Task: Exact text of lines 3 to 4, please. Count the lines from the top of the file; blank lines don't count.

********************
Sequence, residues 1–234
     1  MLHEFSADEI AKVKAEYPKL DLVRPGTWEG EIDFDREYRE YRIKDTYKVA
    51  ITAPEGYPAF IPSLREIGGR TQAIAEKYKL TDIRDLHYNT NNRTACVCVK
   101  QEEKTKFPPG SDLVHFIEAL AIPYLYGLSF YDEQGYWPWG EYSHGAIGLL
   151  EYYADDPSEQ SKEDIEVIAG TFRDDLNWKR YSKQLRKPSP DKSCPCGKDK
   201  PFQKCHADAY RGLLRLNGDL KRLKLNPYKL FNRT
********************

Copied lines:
    51  ITAPEGYPAF IPSLREIGGR TQAIAEKYKL TDIRDLHYNT NNRTACVCVK
   101  QEEKTKFPPG SDLVHFIEAL AIPYLYGLSF YDEQGYWPWG EYSHGAIGLL